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  Tibetan New Year

Tibetan New Year

The New Years festival falls on the 25th day of the 10th month of the Tibetan calendar. Celebrated over a week, it is a feast of thanksgiving. An interesting folk tale offers to explain why the New Year festival falls at the end of Dawa Chuchipha and not at the end of the twelfth month, as is customary.

Singe Namgyar was an ancient king of Ladakh. He decided to attack Skardo (now in Pakistan). Since the date of his eventual return was uncertain, he chose to celebrate the important festival of Losar before leaving for the battle field, as it was considered obligatory for all family members to be present at the feast. This happened in the 11th month, and the tradition has carried on ever since it falls at the time when the larders are stocked full with grain and meat that is expected to last for the two long snow-bound months of winter, when no work is possible.

However, before the coming of a new year can be celebrated, unfinished business and unhappy memories must be dealt with. And so, on the 29th day of the last month in the old year, there is a festival called Gutor, in which everyone whitewashes and cleans their houses. The last day of the old year is spent preparing for the New Year. People go to monasteries to make offerings, and to participate in the ceremonies conducted during the day. Many rituals take place that are designed to chase away any evil spirits. One of these is a play in which the lamas perform masked dances to symbolize the triumph of good over evil. New Year's Eve is Lu Yugpa, an opportunity to banish evil spirits from the old year and clear the way for starting the new year right.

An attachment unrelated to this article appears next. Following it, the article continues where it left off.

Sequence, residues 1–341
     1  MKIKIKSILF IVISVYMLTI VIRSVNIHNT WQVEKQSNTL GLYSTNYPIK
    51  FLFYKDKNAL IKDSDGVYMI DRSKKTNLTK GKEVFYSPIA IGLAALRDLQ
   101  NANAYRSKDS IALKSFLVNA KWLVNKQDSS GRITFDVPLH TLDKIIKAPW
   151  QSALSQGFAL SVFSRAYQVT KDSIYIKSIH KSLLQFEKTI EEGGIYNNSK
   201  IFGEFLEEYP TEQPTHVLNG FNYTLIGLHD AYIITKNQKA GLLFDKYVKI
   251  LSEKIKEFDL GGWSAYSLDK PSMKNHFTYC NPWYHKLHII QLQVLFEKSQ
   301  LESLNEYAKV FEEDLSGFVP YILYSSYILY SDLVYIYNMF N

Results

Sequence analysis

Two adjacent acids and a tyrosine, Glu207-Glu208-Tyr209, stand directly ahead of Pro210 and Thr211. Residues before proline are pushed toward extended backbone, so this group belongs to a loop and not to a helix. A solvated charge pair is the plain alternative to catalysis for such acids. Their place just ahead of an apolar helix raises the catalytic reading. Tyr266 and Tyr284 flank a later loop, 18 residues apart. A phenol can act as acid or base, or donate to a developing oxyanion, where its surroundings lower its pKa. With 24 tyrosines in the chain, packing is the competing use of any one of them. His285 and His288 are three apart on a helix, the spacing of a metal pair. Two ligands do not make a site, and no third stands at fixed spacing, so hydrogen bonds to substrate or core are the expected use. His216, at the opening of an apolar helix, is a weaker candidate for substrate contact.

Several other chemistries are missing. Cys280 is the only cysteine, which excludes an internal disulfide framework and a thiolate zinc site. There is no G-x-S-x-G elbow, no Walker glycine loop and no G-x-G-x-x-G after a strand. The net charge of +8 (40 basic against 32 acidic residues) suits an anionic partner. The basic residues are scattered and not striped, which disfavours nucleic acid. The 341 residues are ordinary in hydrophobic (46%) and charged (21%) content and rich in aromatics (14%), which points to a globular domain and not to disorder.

At dawn on New Year's Day, Tibetans visit monasteries, shrines, and stupas to make offerings. Colorful new prayer flags are hung out over each home and the smell of incense wafts through the villages. Then families venture out to drink the new year's chang (unhopped beer) with friends, to picnic in the parks and meadows, or to watch an archery tourney. There is great merriment and revelry as people thank the gods and pay homage to their ancestors for providing abundant food. The festivities are spread over almost a fortnight. During the first four days of the festival, there are a series of private family feasts.

The lamas are the initiators of the rites and play the main role, but the entire village participates. The residents of each little township decorate their houses with flour paintings of the sun and the moon. They also make offerings to the moon asking for happiness in life, in the New Year, on New Year's day and in the stars for the future. Lamps lit with mustard oil illuminate the house at night. All the members of a family are expected to stay at home for the New Year celebrations and eat a bread called tab-zan. Made of parched barley dough kneaded in mustard oil, the tab-zan is an essential offering to the family deity.

Devotees journey to the Jokhang temple in Lhasa to donate yak butter that keeps the lamps burning well into the year. At Barkor Plaza the giant incense burners work overtime to handle hundreds of people queued up to throw in their offerings of juniper branches. New sculptures of yak butter and tsampa (roasted barley flour) are displayed. Made by the lamas, the sculptures depict deities and Buddhist scenes, and will be unveiled at the Butter Sculpture Festival at the first full moon of the year (15 days after New Year's Day).



Copyright @ Tubote Team, Westland School, Gansu Province, China. 2007